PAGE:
As for security concerns, these can be allayed by relying on standard and proven security practices as well as using a reliable infrastructure-as-a-service offering that have their own security measures, he added.

Matt Soldo, product manager at Heroku, took the argument one step further by saying that database-as-a-service products keep data safer and make information more readily available than on-premise systems. Heroku was bought over by Salesforce in October 2010.

He added that on-demand database services are managed by organizations that are "completely focused" on managing and administering databases, which means the vendor is able to hire experts and continually invest in improving the reliability, safety and robustness of their services.

Another issue that might hold back adoption is the compatibility of legacy apps, Xeround's Haber pointed out. He said that since cloud computing is perceived as a new approach, customers are reluctant to move to a cloud-based database because of need to reconfigure their existing software.

These companies can solve the problem by moving onto cloud databases that are standard and require no adaptations to their software though, he noted.

Picking right database provider
As for picking the right provider, the spokesperson said companies must first understand their database requirements before moving to a cloud-based offering. Identifying relevant service providers, mapping the benefits of the service against the company's needs, and benchmarking the performance of apps running on the cloud service are all recommended steps, he stated.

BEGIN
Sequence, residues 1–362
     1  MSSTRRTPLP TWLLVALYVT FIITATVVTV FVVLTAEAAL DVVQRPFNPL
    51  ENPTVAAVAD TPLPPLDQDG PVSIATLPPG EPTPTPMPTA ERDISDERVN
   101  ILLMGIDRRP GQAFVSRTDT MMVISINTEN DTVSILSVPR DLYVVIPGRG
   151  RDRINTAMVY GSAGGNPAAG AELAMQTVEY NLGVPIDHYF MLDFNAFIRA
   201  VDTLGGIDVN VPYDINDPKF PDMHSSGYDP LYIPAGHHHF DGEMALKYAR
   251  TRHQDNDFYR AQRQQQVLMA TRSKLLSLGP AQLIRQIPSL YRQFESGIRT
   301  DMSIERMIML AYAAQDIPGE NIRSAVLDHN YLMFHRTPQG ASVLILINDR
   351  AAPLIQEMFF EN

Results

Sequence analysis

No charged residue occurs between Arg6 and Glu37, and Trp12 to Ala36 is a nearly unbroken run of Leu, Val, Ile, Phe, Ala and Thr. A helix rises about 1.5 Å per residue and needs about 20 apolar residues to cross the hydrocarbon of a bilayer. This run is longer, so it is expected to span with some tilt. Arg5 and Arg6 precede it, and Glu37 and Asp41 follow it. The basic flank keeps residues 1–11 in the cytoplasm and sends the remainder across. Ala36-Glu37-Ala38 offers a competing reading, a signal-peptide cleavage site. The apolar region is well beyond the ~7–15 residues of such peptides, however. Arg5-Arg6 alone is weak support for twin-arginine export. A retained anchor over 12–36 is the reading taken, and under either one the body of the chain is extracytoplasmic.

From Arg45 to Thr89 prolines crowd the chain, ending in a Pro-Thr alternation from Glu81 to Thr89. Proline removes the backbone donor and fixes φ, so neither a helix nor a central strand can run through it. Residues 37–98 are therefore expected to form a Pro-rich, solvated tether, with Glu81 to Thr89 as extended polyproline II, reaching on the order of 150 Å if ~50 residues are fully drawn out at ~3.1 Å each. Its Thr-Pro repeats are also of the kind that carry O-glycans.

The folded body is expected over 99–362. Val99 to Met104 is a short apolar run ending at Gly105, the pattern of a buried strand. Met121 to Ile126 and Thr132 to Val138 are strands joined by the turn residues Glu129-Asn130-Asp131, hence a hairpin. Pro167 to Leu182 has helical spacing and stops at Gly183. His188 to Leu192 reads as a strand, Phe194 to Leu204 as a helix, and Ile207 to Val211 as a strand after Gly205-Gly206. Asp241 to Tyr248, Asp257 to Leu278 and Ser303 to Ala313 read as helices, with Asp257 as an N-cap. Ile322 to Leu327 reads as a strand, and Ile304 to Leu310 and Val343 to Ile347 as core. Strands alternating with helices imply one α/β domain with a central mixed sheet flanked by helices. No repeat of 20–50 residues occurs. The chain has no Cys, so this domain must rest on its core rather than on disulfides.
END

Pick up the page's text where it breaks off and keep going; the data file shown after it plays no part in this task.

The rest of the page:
Soldo added that when choosing a service provider, customers need to evaluate the vendor's operational record and ask questions such as how long it has been running the service, at what scale, its uptime record and whether it had ever lost its customers' data.

He also warned against simply using service level agreements (SLAs) as an indicator of the service provider's operational record, as it can be misleading.

Additionally, businesses will need to determine which administrative tasks, such as database creation, backup, replication, monitoring or failure recovery, are handled by the vendor and which are settled internally, Soldo said.

"The more administration tasks that are outsourced, the more productivity gains the customer will realize from moving to database-as-a-service," he added.

McWhirter added that organizations will need to look for a cloud database that is open and accessible for use with any language, platform and device.

The service should also be optimized for mobility and social so developers can build mobile apps without worrying about the infrastructure and users can get the "right data to the right people, at the right time".

Topics: Software, Apps, Cloud, Data Management, Networking, SMBs

Liau Yun Qing

About Liau Yun Qing

The only journalist in the team without a Western name, Yun Qing hails from the mountainy Malaysian state, Sabah. She currently covers the hardware and networking beats, as well as everything else that falls into her lap, at ZDNet Asia. Her RSS feed includes tech news sites and most of the Cheezburger network. She is also a cheapskate masquerading as a group-buying addict.